A month ago I went into my apartment complexes office and handed a typed 60 day notice to the person at the front desk. They lost the notice or misplaced it. When the my new landlord called my current landlord for a reference, I got a rather unhappy surprise when my new landlord was told I hadn't given notice. Now I did take a digital photo of the dated notice with my phone prior to giving it to the person at the desk of my apartment complex. The photo which is dated, has location data on it showing I took a photo in the apartments business center which is in the room next to the office. If they don't let me out of my agreement are there better avenues than court for what they have to do? Are there requirements that they have to prove they received the notice? Do they have to honor the notice or can they just continue to say we didn't get it. As this would seem unfair to tenants.

  • Jurisdiction please. If this is the UK you can sue because the receptionist raccepting delivery of your notice counts as your landlord accepting it Oct 23, 2017 at 13:17
  • My location is Texas, USA Oct 23, 2017 at 14:05

1 Answer 1


There is no law requiring a person to say nice things about you, or specifically for a landlord to give a positive recommendation. However, you can sue a person for defamation, if they have said untrue things that harmed you. You would then need to show that he said things, that they were untrue, and that you were harmed. The main issue on the first point would what exactly he said. A subjective stars rating is neither true nor false, nor is a comment "I would give negative 5 stars if it were possible". The statement "Smith abandoned his apartment without giving the required 60 day notice, thus breaching his lease" could be true or false. You would then need to provide believable evidence that the statement is false. You would need to hire an attorney versed in local defamation law and practices to know whether your evidence would be deemed sufficiently credible, but on the face of it, you have fairly good evidence (assuming that they don't have iron-clad proof that you never entered the office). Then you would have to prove that you were harmed, requiring some legal remedy. One out-there option would be to sue them for a million dollars: it is unlikely that you actually suffered a million dollars damage. On the minimal side, you reputation has been besmirched, and a letter retracting the accusation would certainly be appropriate. Your attorney would advise you of the best remedy.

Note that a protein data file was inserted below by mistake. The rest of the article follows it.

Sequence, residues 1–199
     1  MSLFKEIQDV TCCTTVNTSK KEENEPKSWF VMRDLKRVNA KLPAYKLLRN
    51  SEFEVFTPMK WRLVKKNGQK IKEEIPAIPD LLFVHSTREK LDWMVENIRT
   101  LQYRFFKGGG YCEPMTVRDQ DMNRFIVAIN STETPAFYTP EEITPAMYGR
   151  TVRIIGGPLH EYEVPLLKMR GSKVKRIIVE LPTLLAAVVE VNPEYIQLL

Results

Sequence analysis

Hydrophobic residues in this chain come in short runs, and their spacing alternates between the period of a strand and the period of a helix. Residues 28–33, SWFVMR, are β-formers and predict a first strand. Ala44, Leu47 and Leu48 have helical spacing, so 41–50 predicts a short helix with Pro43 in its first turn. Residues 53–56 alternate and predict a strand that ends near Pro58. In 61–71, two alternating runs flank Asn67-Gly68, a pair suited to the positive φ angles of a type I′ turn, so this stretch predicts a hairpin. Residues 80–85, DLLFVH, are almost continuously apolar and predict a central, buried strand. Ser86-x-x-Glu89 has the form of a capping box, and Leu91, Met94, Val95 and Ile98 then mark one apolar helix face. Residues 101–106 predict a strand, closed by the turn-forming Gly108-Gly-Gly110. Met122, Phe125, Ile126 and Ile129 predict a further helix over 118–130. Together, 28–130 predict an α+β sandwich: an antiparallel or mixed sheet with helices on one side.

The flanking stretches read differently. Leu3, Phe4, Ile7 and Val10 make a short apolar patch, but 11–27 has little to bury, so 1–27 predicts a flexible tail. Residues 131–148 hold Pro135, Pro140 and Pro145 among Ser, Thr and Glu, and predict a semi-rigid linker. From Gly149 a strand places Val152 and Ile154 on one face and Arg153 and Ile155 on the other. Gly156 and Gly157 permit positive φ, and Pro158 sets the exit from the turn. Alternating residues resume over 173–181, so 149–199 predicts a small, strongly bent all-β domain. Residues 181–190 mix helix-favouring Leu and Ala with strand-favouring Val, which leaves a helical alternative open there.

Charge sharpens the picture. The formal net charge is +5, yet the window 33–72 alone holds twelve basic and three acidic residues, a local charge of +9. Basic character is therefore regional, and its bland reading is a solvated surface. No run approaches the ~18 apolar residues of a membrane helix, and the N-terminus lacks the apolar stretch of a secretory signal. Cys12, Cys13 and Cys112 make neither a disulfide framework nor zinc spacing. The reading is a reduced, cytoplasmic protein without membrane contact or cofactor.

It is not always necessary to file a lawsuit and pursue the matter through the courts. One might get a satisfactory result by having an attorney write a letter outlining the wrong that the other party has committed, and what you want by way of remedy. Even before that, you can (for free) inform them of what actually happened and mention that you'd prefer not to have the courts resolve the matter.

It is not clear whether you mean that the former landlord is suing you for breach. If so, your concern would be showing that you complied with the terms of the lease, especially that you did deliver the notice to the correct location in the correct manner in a timely fashion. Leases do not typically include onerous notice requirements (whereas legal notices may require delivery by certified mail). Again, the main factual question would be whether you did comply (and thus did not break the leash).

  • This is a great answer, but no mention of where in the United States did this take place as some states seem to prefer landlords over tenants.
    – Daniel
    Jun 8, 2020 at 15:14

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